Chief Data Architect and inqiri Co-founder, Travis Schwieger, first partnered with CEO James Elste almost a year ago, on December 12, 2012. Since that initial meeting, Schwieger and Elste have worked tirelessly to bring inqiri to life.
Schwieger brings an extensive background in the data domain and a background in business and is known for being a, ‘data geek’. Amidst building inqiri and the chaos surrounding startups, Schwieger and Elste advocate on behalf of the startup community in Reno. As apart of Startup Weekend Reno on November 22, Schwieger volunteered to act as a coach for the potential startups.
Why did you decide to co-found inqiri with CEO James Elste?
As soon as Jim started talking about what we were going to do, I was like, ‘This data is going to be fascinating. I can’t wait.’ So I’m a complete data geek. I said, ‘I can build this database, let’s do it.’ But it just sounded like an interesting proposition too and it’s morphed a little bit since we’ve started. But it’s always kind of had the same underlying structure and process to it and since Day One I thought, ‘There’s going to be so much we can do with this data,’ and in the end, now we’re actually having it out in the world and having people play with it and we can show what we can do with the data and people are just fascinated.
You spend a lot of time and energy with Elste encouraging the startup community in Reno. Why?
Because if we can get Reno as a great place to start startups and kind of get a lot of them going here, we can start getting investors up from the Bay, we can start getting employees up from the Bay, and people understand really how great Reno is. This is a great place to have a company and just having startups is always fun so we want to be fostering that.
Is it realistic for Reno to have a startup community?
It’s going to be hard. The Reno Collective presented at One Million Cups and they were talking about their job board and there was a question asked, ‘Are there more jobs out there than there are developers?’ They answered, ‘Oh yeah, absolutely.’ And that’s the thing. With this fostering of the community we need to start working with the college to tell them what kind of skills we need. Either Truckee Meadows Community College or the University of Nevada, Reno. Say, ‘Hey, this is what you need to be teaching your student developers.’ So they’re ready for the job when they come out. That’s one of the things I think is going to be paramount to the startup community having a foothold in Reno; is getting that pipeline of developers. It’s going to take a lot of work but to get the startup momentum going. We’re already starting to see the momentum because we’ve got inqiri, Pinocc.io, ustyme, Cloudsnap, the Reno Collective, TrainerRoad, and EasyKeeper. We’ve got all these startups that are really starting to build. So we’re building the mass that we need now we’re going to need to build the development community around it.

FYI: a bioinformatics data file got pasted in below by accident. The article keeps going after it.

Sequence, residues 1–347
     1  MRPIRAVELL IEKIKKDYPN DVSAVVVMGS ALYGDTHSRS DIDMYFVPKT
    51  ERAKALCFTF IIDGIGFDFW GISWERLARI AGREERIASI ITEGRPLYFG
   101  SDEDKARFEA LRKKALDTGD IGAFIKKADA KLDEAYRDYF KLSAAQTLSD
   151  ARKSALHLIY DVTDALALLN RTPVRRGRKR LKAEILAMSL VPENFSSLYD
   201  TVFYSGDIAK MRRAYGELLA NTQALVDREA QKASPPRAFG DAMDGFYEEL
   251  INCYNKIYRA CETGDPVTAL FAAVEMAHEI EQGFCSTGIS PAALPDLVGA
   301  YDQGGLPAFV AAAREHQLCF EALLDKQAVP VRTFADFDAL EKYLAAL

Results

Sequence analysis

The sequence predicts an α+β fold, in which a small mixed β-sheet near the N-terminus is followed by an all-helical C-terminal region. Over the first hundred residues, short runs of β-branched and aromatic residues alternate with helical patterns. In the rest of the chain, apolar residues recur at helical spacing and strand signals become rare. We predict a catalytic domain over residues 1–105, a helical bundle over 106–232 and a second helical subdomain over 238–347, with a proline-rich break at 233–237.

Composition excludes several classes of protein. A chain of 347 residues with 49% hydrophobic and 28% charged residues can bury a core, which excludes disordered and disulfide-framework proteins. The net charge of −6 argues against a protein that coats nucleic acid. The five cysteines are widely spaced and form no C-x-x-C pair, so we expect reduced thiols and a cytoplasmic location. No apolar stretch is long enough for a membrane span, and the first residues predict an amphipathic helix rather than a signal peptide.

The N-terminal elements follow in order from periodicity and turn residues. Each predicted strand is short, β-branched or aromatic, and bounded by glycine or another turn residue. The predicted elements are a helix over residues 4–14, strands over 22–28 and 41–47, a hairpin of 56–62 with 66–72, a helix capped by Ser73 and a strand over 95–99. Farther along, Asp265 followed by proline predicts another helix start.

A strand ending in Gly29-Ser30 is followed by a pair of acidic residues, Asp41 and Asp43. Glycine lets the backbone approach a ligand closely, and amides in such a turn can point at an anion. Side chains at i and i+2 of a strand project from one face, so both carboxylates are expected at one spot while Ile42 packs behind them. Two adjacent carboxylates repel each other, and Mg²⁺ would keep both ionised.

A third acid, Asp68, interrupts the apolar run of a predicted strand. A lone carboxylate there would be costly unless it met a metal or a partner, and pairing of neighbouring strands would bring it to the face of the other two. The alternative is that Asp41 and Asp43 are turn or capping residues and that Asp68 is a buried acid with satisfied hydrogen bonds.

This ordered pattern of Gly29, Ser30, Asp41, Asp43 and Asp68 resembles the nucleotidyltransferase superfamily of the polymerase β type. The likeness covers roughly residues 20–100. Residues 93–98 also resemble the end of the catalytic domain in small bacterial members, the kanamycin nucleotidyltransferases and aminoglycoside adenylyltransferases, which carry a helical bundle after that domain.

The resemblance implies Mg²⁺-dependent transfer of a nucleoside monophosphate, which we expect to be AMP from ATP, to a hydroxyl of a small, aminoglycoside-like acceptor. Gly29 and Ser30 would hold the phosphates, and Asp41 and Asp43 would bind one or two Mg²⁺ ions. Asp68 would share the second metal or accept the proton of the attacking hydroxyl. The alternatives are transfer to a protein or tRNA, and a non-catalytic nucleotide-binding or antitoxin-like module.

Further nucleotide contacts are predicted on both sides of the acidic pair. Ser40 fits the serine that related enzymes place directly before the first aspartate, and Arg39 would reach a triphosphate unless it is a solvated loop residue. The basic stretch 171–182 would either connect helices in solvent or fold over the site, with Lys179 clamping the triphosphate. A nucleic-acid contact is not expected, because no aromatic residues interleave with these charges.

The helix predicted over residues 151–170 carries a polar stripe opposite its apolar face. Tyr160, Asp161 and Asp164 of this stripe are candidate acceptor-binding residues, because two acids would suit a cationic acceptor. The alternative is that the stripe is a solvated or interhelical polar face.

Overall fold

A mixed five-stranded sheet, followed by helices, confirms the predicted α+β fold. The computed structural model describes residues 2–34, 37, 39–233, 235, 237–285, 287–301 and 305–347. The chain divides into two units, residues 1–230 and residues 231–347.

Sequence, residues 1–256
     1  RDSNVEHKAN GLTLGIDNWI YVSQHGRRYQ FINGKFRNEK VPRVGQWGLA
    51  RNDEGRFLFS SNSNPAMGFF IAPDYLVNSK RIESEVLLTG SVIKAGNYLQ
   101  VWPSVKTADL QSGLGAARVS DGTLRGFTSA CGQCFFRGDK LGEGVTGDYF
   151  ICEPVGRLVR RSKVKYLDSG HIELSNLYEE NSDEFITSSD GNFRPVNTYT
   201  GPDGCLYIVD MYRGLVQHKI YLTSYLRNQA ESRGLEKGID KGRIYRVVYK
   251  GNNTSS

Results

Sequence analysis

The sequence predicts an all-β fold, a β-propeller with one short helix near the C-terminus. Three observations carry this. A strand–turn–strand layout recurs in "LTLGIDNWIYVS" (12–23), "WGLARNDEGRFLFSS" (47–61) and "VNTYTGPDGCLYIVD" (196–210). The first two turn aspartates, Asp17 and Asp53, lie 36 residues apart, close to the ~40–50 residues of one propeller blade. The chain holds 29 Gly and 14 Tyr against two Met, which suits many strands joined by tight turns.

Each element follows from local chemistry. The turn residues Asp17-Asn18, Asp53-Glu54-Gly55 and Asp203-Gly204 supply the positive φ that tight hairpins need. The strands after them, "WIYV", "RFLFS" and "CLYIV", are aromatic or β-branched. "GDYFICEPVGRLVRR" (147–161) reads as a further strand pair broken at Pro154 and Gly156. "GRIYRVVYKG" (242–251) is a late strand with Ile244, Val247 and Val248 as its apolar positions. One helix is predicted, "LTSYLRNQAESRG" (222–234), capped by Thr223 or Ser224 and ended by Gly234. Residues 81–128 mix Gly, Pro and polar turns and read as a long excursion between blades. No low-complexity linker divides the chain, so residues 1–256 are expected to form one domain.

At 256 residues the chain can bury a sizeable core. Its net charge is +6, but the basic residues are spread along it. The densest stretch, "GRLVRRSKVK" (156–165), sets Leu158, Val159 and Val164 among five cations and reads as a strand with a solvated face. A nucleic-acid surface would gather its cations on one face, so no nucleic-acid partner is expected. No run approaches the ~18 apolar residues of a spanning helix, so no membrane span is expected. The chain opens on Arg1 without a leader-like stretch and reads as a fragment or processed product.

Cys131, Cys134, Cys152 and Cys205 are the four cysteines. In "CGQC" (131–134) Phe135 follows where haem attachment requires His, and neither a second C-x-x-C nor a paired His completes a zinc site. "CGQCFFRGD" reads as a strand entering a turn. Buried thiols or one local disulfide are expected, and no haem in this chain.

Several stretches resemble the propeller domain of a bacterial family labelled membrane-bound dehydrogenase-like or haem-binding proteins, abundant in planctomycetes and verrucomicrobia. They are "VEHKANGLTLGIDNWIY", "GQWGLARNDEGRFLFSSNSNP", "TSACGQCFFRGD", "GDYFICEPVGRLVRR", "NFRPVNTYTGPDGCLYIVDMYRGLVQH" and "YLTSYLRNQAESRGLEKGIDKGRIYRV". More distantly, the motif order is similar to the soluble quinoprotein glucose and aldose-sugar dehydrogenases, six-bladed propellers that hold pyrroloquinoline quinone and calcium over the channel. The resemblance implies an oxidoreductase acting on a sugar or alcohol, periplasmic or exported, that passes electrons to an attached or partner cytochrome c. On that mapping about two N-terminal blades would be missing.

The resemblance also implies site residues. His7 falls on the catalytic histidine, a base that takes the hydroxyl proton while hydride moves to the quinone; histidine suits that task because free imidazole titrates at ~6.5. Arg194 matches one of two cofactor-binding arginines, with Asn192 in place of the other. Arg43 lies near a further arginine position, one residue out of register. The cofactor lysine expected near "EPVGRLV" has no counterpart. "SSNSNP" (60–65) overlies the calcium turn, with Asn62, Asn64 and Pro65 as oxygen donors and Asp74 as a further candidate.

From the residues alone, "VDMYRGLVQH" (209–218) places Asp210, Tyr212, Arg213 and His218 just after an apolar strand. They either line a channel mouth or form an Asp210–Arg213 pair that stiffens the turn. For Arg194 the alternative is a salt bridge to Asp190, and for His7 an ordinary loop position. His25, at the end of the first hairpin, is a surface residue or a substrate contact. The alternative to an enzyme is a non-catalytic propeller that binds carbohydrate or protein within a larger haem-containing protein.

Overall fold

How did you become involved in the upcoming Startup Weekend Reno on November 22?
One of the people that’s running it, Bryan McArdle was in my MBA class at UNR. Then I saw him at One Million Cups one week and I reconnected with him. He presented about the startup weekend. I emailed him later and said, ‘Anything I can do to help. Even if it’s just bringing my developers down to be seen, you know, coding at the same time and just part of the mass that’s there.’ And he replied, ‘Well, it’s not that big of a deal, we’re going to have plenty of people, but if you want to be a coach…’ I asked what was involved with being a coach. He said just helping startups with any advice, whether it’s data advice, or anything else. I told him, ‘Sign me up, I’m willing to help. I’ll give a weekend to that, no problem.’
What is in inqiri’s future?
There’s always pipe dreams of a startup. Like, ‘Hey, we’re going to get acquired for a billion dollars.’ That’s always just a pipe dream. What Jim and I have always talked about is we want to grow a successful business. We want to turn this into something that’s really viable and is sustainable. This is something I can see really taking off and making a difference in decision-making. Hopefully in the next year, everyday people are coming to inqiri. For example, ‘I’m going to buy a new car. I’m going to go do an inqiri on that.’ As people start using inqiri and that mass that collective intelligence needs to be useful. So as soon as people start seeing that and seeing the use of inqiri, that’s going to be really cool because they can be like, ‘Hey, do an inqiri on that.’ We’re in the vernacular.